Case Presentation: A 69 year old male with COPD and a 6-year history of a slowly progressing left upper lobe cavitary mass presented to our hospital with new hemoptysis. CT angiogram showed the cavitary mass infiltrating into an artery, as well as a pseudoaneurysm in the left lower lobe consistent with mycobacterial invasion of the arterial wall. Chart review showed that the patient had been diagnosed with Mycobacterium chimaera lung infection just two months prior. He had had ongoing fevers, fatigue, dyspnea, cough and weight loss for 6 years, with multiple recent hospitalizations for presumed COPD exacerbation. Bronchoscopy 4 years ago had been negative for fungus, acid-fast bacilli or malignancy. After his fifth hospitalization, sputum was sent for AFB smear and culture, resulting in the diagnosis of M. chimaera. He was started on rifampin, ethambutol and azithromycin, later switched to clarithromycin. After two months of therapy, he was overall improved, aside from the new hemoptysis. He reported an improvement in cough, fatigue and shortness of breath, and the cavitary mass was slightly decreased in size on imaging. His low-volume hemoptysis resolved 2 days after admission and he was discharged home.

Discussion: M. chimaera, a member of the Mycobacterium avium complex (MAC) group, was first described in 2004. A retrospective study of patients with MAC infections conducted in Chicago showed that M. chimaera has become the second most common cause of MAC infection, being surpassed only by M. avium itself. Its primary mode of transmission, like for many of the other MAC bacteria, is via municipal or natural water sources. A distinguishing characteristic of M. chimaera is its association with post-operative infections in cardiothoracic surgery patients, via contamination of the water reservoirs in ECMO machines. In this case, the patient had no history of cardiothoracic surgery. M. chimaera causes predominantly two types of disease: pulmonary infections in patients with underlying chronic lung disease, and disseminated disease in immunocompromised patients. There is a lengthy incubation period between exposure and manifestation of symptoms, ranging from 3 to 72 months. Symptomatically, M. chimaera resembles TB, causing fevers, cough, dyspnea, weight loss, night sweats, hemoptysis and chest pain. The majority of patients with pulmonary M. chimaera have small nodules and bronchiectasis on imaging, although a sizable minority are found to have cavitary lesions. Our patient, an older white male with COPD, represents one of the classic presentations of pulmonary M. chimaera infection. The diagnosis is made by sending at least 3 early-morning sputum samples for AFB smear and culture. Treatment consists of a rifamycin, a macrolide and ethambutol, for a minimum of 12 months.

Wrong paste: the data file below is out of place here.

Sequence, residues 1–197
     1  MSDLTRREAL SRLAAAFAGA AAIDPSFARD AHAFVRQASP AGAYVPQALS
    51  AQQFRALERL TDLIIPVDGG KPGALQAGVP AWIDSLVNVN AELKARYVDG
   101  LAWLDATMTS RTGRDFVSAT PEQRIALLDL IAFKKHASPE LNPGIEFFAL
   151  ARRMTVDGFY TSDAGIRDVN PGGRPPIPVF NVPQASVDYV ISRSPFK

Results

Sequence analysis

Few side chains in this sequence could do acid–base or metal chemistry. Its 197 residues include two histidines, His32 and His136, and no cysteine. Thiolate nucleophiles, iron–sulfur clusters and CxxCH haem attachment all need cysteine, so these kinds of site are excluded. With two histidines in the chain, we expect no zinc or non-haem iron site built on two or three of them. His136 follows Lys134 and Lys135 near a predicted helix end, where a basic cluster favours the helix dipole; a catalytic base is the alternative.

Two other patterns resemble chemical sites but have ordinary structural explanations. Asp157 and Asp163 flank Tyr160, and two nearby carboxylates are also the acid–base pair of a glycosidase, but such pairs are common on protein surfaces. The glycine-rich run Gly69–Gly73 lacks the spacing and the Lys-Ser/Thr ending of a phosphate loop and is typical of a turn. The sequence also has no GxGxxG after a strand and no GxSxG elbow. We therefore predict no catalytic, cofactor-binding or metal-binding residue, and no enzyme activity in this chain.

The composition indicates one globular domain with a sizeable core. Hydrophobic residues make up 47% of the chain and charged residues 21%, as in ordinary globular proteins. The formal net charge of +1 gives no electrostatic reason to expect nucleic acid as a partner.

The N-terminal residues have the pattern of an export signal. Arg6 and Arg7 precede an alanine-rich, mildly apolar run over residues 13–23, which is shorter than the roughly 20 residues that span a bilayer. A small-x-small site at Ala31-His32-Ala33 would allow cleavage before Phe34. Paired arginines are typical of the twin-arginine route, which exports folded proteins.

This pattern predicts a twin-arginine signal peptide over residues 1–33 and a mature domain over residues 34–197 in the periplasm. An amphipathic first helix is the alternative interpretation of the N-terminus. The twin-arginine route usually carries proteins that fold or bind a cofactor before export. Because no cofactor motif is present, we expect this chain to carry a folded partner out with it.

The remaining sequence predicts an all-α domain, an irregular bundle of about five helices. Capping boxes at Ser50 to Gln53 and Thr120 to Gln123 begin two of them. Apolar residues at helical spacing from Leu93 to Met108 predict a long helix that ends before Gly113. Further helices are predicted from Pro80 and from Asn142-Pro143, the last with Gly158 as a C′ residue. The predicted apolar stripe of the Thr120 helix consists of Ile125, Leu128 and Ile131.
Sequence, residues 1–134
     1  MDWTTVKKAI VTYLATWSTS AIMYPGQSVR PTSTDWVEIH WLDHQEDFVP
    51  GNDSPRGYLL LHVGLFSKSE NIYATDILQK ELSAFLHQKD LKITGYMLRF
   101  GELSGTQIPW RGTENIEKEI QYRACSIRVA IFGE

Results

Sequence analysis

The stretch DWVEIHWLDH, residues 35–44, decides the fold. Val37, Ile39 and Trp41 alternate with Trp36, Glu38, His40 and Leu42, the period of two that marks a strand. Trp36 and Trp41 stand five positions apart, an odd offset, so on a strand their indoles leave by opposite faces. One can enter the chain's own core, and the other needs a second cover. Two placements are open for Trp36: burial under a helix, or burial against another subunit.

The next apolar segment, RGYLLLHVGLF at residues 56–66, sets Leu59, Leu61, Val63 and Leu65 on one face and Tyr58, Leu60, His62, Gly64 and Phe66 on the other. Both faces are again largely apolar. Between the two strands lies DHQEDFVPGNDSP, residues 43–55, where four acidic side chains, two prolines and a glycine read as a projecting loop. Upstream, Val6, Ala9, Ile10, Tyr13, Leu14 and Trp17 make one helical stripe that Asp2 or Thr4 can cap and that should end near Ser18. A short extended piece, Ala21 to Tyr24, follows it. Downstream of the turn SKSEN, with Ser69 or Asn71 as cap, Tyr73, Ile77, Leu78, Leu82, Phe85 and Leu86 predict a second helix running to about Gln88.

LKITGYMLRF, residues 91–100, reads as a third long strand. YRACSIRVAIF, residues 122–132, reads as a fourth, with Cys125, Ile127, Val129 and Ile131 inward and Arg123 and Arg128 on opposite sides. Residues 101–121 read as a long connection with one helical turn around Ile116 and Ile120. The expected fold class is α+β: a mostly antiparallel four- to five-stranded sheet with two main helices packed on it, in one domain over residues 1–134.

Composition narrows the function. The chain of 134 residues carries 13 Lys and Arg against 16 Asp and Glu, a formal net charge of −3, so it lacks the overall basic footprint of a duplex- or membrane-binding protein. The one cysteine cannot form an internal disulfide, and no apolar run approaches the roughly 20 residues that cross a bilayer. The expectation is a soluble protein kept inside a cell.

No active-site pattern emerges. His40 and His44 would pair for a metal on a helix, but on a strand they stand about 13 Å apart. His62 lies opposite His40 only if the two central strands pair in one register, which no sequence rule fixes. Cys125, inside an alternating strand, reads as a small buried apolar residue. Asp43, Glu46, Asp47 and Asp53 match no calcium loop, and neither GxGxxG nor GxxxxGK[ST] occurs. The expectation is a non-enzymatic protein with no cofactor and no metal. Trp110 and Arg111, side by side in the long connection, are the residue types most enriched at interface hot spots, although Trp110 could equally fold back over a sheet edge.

Conclusions: It is important to consider nontuberculous mycobacterial infection in patients who present with a chronic pulmonary infiltrate and TB-like symptoms. M. chimaera typically causes infections in patients with underlying lung disease or immunosuppression, and thus its clinical presentation and radiographic findings can easily be misattributed to the predisposing conditions. Hospitalists should have a low threshold to send sputum samples for AFB testing on such patients.

IMAGE 1: CT with Contrast showing Cavitary Lesion of Mycobacterium Chimaera in Left Upper Lobe